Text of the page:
He said that government is unjust for denying Malta an authority which truly plans. Zammit said that Prime Minister Robert Abela's government must carry responsibility, stop blaming defects from 17 years ago, stop hiding behind the PA and start the process to revise the policies and local plans.

Zammit said that government is befriending developers so that they can plan however they wish. He mentioning Nigret in Zurrieq, Qajjenza in Birzebbugia, Wied Ghomor, Wied Babu, Wied Znuber and others.

"Government has degraded the Environment and Resource Authority (ERA) and the Superintendence of Cultural Heritage and created an authority which breaks the law and goes against expert's opinion," Zammit said, mentioning the recent Ggantija case.

He reiterated that government was unjust with Malta and 20-year-old Jean Paul Sofia's parents by "wasting" nine months insisting that a public inquiry was not necessary. Zammit said that when recommendations are left on the shelf (referring to those published after the death of Miriam Pace) then the risk for more victims increases.

Zammit said that the PN has presented amendments during the process of the licensing of contractors to better the standards and good governance. He said that the PN has worked so that the skills card system does not stay on paper, and accused government of failing in the implementation of building codes, that the Chamber of Architects has started doing them itself.

Zammit said that the PN is working towards changing the economy into a stronger one, reducing dependency on increasing the population, and with a system of transparent incentives and promoting good governance, sustainable development and quality of life in Malta can improve.

Minister reacts

PN had failed in the transport and infrastructure sectors - minister

The PN had failed in the transport and infrastructure sectors, Transport Minister Aaron Farrugia has said.

Minister Farrugia said that the Opposition's remarks about transport and infrastructure came from a party which had failed in both sectors. He said that the Nationalist Party wants to place the burden on the people by stopping them from using their cars, by removing subsidies on fuel and by allegedly wanting to raise the license age for young people to 21 years.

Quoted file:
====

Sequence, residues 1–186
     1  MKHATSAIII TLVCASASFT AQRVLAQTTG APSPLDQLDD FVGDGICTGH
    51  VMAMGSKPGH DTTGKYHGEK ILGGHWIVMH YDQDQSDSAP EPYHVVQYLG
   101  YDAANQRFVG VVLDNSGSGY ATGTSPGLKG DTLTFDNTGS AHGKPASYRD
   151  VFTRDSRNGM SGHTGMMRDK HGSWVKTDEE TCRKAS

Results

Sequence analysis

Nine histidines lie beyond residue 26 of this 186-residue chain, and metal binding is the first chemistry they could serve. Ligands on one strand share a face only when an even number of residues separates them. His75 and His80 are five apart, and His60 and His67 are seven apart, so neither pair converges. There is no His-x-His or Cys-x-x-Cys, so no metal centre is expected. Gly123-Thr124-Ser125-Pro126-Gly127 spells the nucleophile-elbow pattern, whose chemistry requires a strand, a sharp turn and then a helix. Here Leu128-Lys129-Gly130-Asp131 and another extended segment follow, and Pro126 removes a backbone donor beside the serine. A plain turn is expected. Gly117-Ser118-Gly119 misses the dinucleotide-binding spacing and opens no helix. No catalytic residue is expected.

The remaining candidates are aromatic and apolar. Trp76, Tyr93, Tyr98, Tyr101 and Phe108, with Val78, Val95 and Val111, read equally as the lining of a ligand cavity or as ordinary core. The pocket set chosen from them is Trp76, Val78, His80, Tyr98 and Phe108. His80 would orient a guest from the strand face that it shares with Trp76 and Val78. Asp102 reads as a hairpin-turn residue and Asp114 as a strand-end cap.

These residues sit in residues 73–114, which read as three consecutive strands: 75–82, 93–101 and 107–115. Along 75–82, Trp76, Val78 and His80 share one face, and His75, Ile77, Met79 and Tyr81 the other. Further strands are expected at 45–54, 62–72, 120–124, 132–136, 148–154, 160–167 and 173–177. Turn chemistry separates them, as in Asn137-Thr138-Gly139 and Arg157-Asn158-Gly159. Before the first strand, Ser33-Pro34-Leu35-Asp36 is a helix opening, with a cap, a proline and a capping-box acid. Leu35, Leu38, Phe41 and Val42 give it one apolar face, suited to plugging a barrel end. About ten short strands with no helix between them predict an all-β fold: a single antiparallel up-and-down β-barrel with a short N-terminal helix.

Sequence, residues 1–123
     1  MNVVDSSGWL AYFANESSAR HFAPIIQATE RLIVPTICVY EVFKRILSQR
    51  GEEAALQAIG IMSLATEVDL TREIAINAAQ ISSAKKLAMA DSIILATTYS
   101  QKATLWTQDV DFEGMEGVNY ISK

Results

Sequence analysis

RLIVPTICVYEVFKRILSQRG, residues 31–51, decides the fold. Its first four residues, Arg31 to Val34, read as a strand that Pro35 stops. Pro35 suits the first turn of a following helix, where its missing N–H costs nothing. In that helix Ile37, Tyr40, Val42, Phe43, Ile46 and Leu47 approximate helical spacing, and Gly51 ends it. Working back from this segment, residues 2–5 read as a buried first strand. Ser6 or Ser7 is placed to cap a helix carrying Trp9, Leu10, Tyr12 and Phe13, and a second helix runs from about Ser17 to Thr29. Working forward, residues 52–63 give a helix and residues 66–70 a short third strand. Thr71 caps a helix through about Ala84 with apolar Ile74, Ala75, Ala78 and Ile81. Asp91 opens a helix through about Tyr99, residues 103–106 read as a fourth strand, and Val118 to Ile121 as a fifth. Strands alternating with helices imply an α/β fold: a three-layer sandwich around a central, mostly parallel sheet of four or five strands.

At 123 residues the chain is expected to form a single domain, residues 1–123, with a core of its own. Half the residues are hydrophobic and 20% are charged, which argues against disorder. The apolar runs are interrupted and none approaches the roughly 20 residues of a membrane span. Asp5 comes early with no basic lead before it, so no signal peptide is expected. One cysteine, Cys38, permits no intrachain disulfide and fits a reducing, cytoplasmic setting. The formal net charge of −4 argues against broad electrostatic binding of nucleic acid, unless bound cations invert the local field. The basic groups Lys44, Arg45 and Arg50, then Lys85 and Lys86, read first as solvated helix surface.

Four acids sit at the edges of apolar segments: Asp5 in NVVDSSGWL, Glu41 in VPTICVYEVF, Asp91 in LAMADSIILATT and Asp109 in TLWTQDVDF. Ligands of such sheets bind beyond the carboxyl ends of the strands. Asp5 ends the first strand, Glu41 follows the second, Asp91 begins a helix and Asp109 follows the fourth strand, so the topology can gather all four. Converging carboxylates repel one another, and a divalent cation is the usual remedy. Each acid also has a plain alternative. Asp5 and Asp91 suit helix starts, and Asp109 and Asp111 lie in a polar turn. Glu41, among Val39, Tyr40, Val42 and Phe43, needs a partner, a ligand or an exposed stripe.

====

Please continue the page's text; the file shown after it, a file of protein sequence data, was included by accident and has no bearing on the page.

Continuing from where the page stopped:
Referring to the points that the PN made in its news conference on Monday afternoon, Farrugia said that the Opposition talked about infrastructure without mentioning that a "Nationalist government would invest a ridiculous average sum of €11m per year from national funds, when a Labour government has been investing an average of €100M per year for the last ten years".

He also made mention of the PN's remarks about public transport. He said that the PN was a "beacon of failure with Arriva" and that Malta had become the victim of a joke made by Boris Johnson who had said that he had offloaded the buses which would set fire one day and be fine the other to Malta. Farrugia added that in 2010, the at-the-time Prime Minister Lawrence Gonzi had organised a task force which failed to provide any proposals to deal with the traffic that the government had lost control of.

"They spoke about Y-plates and the farce of a message given by Adrian Delia, who spent two months changing his position from morning to evening," the Transport Minister said.

He also referred to their remarks regarding e-scooters and the "government's decision to stop renting them in favour of more security". He added that the PN did not say whether or not a nationalist government would reintroduce them. "There is no stability and you don't know where you are with the PN," he remarked.

Farrugia said that the PN spoke about mass transport and "their solution of a trackless tram that passes through people's balconies". He said that this proposal, which they made two years ago, is something they are now ashamed to mention.

Remarking that the PN is cut off from all reality, he mentioned how the opposition also spoke about proposals which have already taken place or are currently being done, such as the change in service hours which he said is an exercise that the government has been working on since the 2023 budget. He added that the Opposition has already been invited to participate in negotiations on this matter.

On the topic of working from home, he said that it is something that is already being done for government workers and that there are fiscal schemes for private companies.

He said that traffic management with AI is also something that the government is currently implementing with the intelligent transport system through a multimillion investment. He added that new car parks were also already announced in the 2022 electoral manifesto and mentioned again in the last budget.

The Minister said that after the PN left the country on the edge of a cliff, it has now come forward to talk about sectors that it failed and about proposals that the current government is already implementing. In addition, he said that the PN has chosen to speak about "half-baked proposals" such as one that would stop the young and elderly from continuing to drive. He alleged that Adrian Delia has said that young people should begin driving at 21 years of age.

Farrugia concluded by saying that the Labour Party will continue to "invest unprecedentedly in the infrastructure of our country".